I love to jog, big switch from being out of breath just to walk to the back of my property. Yeah, I’d say that I’ve changed a lot.

I sometimes take it all for granted, but all I have to do to feel humble is think back on that day in January, when I felt hate, anger and despair like never before in my life. I am a strong lady, I always have been. It’s always been there, just like it is in every one of us. The key is tapping into your own power and grabbing a hold of it.

I now have power in my body as well as my mind. I’m never going back.

Enclosed you will find a pic of me from this past Christmas, I know, it’s a terrible flex, even my daughter says so. And I have become more cut, I’ve dropped my bodyfat percentage since I started at the new gym so I think I’m even better. *G* But, it gives you an idea, anyway. Hopefully, you’ll eventually be seeing this name on ESPN. Geeeez, that thought is kind of intimidating.

I think what I am the most proud of all to say, is that because of the immense changes I’ve made in my life, my daughter has lost sixty pounds and my sister, eighty. Both now also work out and that thought brings tears to my eyes. To save my own child from her own day of hell, like mine was, is the greatest gift I could ever have given her. She is sixteen, and I don’t ever want her to feel about herself the way I did about me, that one time that seems so long ago.

If I never do anything else, I have done that one thing right.


Jana Radney

Hi Krista

Thanks for your web site – it’s great to read stuff written by/for women. I visit the Dr Squat forum regularly, and although sometimes I pick up helpful information, the testosterone level is a bit much sometimes!

I live on the NSW Central Coast in Australia, and train in powerlifting with another girl and guy, in our garage gym. Another girl & guy lift with us once a week. At 38 years old, I only started powerlifting 4 years ago after about 6 months at a local gym doing “pump” classes… Before that I was a total couch potato.

Robyn deadlifting

I have a thoraco-lumbar scoliosis (sideways curvature of the spine) so was initially fairly nervous about loading my back with weight… I remember 4 years ago, trying a “heavy weight” — and walking out with 30 kg on my back and yelling at my (male) friend to “get it off me — it’s too heavy!” On Saturday, I did my “garage comp” and squatted 100kg, benched 50kg and deadlifted 110kg. (I weigh 62.5kg). Form is a continual issue with us. “Do it properly or don’t do it at all”.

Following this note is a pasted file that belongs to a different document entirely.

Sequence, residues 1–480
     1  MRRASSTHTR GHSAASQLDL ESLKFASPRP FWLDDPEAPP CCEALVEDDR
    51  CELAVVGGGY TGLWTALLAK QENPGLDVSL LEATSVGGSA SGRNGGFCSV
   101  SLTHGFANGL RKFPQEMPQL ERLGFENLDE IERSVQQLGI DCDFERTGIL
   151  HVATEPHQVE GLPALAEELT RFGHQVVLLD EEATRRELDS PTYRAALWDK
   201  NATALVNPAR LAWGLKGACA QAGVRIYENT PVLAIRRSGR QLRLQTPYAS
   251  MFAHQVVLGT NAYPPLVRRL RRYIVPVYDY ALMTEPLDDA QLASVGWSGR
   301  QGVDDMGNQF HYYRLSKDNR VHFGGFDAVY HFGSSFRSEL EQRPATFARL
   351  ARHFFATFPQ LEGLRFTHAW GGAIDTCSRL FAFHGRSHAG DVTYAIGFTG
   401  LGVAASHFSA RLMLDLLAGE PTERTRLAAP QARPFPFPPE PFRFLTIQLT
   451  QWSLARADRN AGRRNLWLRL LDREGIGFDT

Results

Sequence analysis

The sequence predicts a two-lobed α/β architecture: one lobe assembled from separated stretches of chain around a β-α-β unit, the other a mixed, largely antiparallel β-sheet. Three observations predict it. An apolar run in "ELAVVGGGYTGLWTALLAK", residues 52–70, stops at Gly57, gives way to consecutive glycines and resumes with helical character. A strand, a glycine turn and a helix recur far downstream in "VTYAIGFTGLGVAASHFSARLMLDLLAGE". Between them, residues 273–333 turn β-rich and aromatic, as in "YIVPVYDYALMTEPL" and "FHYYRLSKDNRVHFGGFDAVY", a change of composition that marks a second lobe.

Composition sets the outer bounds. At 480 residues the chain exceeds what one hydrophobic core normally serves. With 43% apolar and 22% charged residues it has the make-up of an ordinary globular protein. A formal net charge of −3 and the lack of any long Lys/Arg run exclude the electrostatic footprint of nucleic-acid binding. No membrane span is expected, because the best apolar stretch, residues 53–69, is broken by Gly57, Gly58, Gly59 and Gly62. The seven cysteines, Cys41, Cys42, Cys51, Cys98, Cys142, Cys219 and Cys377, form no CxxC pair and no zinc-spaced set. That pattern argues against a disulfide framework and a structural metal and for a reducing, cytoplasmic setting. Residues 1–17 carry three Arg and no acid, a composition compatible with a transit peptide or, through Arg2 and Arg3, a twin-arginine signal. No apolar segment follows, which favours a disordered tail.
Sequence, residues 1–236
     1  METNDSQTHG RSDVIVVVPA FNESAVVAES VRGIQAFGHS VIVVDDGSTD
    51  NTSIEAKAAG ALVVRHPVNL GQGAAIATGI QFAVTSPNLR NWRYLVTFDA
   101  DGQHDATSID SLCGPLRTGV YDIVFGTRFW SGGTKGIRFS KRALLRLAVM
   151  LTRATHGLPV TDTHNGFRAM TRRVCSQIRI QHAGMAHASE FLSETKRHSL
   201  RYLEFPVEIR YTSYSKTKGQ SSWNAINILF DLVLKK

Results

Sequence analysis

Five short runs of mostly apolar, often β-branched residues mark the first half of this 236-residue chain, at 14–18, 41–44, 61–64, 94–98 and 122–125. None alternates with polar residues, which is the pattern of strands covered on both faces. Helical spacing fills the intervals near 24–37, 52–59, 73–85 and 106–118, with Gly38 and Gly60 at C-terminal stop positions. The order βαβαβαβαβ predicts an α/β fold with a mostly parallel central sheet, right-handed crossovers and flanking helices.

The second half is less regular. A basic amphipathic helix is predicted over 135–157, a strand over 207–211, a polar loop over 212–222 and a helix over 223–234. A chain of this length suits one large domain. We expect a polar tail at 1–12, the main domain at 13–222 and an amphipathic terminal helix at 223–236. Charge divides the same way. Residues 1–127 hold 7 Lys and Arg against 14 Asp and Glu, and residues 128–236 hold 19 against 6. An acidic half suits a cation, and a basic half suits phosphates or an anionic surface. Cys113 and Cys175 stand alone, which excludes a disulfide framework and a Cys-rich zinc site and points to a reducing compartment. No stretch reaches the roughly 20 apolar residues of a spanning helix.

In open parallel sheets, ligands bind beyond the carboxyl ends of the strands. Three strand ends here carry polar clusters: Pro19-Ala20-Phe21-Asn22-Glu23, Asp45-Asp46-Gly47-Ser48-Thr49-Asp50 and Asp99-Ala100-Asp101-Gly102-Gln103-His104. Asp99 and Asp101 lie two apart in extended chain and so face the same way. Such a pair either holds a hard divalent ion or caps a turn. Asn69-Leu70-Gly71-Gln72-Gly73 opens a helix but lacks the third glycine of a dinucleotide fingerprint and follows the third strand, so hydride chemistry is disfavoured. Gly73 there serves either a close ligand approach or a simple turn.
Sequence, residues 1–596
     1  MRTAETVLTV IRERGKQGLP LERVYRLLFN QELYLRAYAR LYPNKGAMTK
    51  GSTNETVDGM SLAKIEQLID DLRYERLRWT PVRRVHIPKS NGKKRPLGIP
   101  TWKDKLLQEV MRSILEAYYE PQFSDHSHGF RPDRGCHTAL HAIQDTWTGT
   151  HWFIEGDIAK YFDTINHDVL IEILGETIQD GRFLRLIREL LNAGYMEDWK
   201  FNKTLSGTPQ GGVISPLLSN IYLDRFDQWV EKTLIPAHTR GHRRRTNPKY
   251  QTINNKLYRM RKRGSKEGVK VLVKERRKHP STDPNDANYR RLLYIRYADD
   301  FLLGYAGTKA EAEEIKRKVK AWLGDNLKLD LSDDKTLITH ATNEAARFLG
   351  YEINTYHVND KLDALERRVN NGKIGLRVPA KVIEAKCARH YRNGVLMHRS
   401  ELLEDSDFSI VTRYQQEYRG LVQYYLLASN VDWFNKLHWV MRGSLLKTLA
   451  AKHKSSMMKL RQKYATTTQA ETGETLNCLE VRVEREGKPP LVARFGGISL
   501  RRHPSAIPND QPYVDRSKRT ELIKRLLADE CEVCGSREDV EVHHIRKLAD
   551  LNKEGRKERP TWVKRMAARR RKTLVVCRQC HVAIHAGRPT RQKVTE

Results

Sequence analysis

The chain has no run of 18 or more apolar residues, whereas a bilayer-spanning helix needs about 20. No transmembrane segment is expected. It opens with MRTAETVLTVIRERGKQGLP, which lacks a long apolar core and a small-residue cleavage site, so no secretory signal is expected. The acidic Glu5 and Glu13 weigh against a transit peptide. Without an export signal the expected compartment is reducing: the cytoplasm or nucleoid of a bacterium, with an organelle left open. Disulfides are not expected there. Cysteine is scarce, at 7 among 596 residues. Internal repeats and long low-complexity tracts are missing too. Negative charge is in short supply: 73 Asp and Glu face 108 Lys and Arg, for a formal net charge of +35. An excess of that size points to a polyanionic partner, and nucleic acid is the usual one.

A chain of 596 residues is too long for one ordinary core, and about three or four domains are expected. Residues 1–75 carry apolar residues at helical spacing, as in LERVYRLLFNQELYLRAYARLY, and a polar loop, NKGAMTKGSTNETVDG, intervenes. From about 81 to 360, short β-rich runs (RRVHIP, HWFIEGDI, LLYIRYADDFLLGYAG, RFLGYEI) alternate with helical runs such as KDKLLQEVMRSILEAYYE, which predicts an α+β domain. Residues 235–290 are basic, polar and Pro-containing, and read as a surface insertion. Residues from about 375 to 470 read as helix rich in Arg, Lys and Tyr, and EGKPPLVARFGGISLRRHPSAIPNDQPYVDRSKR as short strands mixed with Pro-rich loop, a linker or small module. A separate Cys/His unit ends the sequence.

We are really a bunch of “mongs”. I have a scoliosis, the guy I train with had major abdominal surgery a few years ago, and has a thoracic weakness, and the girl I train with has a major hearing (& balance) loss and had never exercised before (ever). We are constantly watching each other, and working on weakness areas. Anyway, thanks for the web site. I have attached a photo of my latest
achievement – 110 kg deadlift!


Robyn Gleeson

Just wanted to say that your website is an inspiration to all of us fatties out there. One day, during a bout of depression over my ever-increasing weight, I happened across your website. I read everything on your website and finally got down to your reader’s yak back letters and that is what sold me on everything you had written about…. the letter from Melanie brought tears to my eyes. Her before picture was me. I wore those types of tank shirts and jean shorts and I saw myself right there… fat and tired of being
that way.

It has been 6 months and the changes in my body have been spectacular. I lift heavy. I work out to failure. I sweat. I hurt. And I’ve gone from a size 18/ 20 to size 7 / 9, having lost OVER 50 pounds. And I love it. I’m a 38 year old woman who looks better now then she ever did in her 20’s. All thanks to you and Melanie.

My body is still in progress. But I love the new me. Thank you for letting women know that its OK to lift. Serious weight lifting was the ONLY thing that worked for me.



Christine Jones

Hi Krista,